Ugu is an African gourd plant cultivated in eastern parts of Nigeria. It grows on a vine that can cover a great distance.
The gourds can weigh up to 25 pounds (11 kg), and have about 100 oyster-shaped seeds in them.
The gourd itself is inedible, though food scientists are experimenting with making things such as marmalade from it. What’s used, though, are the seeds.
The seeds can be eaten raw, boiled, toasted or roasted. Their flavour is a bit like Brazil nuts.
The seeds have an oil content of 60% and can be pressed for oil.
The leaves of the vine are used as a potherb in soups or stews. They are available frozen in North America and in Europe at some African food stores. In South Africa, the leaves can be bought at Woolworth’s, which sells food there. The leaves are sometimes called “pumpkin leaves” in English.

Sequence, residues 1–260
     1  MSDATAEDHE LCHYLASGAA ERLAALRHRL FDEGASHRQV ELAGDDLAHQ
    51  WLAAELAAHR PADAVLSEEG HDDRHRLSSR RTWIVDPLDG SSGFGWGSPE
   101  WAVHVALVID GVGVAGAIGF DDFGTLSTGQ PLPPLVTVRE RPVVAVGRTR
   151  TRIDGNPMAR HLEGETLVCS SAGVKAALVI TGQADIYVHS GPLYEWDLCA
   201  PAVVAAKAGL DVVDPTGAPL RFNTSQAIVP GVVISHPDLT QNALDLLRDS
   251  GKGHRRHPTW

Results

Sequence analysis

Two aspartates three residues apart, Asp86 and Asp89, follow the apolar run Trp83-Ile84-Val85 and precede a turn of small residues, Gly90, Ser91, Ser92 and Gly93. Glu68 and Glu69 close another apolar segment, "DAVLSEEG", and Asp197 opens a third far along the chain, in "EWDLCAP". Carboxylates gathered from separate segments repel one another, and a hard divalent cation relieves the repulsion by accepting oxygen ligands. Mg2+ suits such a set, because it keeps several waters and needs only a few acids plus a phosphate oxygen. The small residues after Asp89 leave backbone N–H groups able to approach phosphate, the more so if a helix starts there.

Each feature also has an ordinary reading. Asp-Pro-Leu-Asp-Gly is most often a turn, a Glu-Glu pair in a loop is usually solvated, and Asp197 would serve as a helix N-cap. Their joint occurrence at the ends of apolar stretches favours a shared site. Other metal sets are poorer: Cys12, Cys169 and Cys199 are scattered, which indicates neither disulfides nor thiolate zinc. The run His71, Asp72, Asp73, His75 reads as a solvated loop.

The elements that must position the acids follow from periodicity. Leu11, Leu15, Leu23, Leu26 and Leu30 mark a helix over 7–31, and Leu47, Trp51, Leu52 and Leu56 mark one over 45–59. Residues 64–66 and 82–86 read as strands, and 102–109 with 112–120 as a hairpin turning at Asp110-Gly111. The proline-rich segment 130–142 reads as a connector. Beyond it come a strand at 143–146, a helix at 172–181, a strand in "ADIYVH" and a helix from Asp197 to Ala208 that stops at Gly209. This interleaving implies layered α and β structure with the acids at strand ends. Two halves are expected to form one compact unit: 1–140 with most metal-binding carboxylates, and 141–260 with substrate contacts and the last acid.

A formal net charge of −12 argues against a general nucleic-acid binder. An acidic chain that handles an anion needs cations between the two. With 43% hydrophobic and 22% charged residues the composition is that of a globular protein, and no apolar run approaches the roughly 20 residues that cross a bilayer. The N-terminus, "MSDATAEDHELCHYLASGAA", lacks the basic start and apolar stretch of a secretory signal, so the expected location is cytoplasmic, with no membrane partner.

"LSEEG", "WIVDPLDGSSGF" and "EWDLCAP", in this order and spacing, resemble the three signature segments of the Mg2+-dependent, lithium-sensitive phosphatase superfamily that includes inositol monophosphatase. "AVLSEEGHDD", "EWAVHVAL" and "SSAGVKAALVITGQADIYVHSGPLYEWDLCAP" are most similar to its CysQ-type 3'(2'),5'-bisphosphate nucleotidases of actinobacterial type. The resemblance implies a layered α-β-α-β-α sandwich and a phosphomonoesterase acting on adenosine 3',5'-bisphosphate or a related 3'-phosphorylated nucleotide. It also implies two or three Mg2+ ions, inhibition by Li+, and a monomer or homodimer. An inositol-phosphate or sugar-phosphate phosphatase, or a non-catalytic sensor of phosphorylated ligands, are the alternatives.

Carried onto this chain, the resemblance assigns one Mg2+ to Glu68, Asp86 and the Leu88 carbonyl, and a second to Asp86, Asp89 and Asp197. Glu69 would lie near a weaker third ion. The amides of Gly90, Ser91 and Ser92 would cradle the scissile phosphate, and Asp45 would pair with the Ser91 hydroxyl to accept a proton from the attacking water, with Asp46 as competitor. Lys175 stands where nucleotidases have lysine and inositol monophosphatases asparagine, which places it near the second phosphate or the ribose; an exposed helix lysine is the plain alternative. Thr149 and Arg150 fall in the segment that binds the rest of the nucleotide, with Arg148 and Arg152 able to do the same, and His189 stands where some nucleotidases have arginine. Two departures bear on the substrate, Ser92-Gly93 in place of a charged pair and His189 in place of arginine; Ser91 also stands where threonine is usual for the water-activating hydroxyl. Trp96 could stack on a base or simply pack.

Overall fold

Livestock such as goats and sheep also love the leaves.
The protein content of the seeds is about 27%.
Literature & Lore
The gourd is called “Fluted Pumpkin” or “Oysternut” in English. The seeds in English are sometimes called “Pumpkin Beans” or “Oyster Nuts”. The allusion to oyster refers to the shape of the seeds.